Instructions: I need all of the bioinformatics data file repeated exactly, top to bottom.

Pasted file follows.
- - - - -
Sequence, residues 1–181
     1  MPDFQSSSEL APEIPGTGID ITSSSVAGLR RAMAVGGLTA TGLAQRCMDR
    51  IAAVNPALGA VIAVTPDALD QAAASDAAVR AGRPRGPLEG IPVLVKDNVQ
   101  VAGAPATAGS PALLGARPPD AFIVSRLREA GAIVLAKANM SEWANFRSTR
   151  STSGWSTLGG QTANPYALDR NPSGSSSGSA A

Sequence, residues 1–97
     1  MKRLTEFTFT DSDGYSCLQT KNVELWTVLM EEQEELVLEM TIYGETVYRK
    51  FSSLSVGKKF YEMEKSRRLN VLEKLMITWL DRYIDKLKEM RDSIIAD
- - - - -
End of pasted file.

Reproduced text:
Sequence, residues 1–181
     1  MPDFQSSSEL APEIPGTGID ITSSSVAGLR RAMAVGGLTA TGLAQRCMDR
    51  IAAVNPALGA VIAVTPDALD QAAASDAAVR AGRPRGPLEG IPVLVKDNVQ
   101  VAGAPATAGS PALLGARPPD AFIVSRLREA GAIVLAKANM SEWANFRSTR
   151  STSGWSTLGG QTANPYALDR NPSGSSSGSA A

Sequence, residues 1–97
     1  MKRLTEFTFT DSDGYSCLQT KNVELWTVLM EEQEELVLEM TIYGETVYRK
    51  FSSLSVGKKF YEMEKSRRLN VLEKLMITWL DRYIDKLKEM RDSIIAD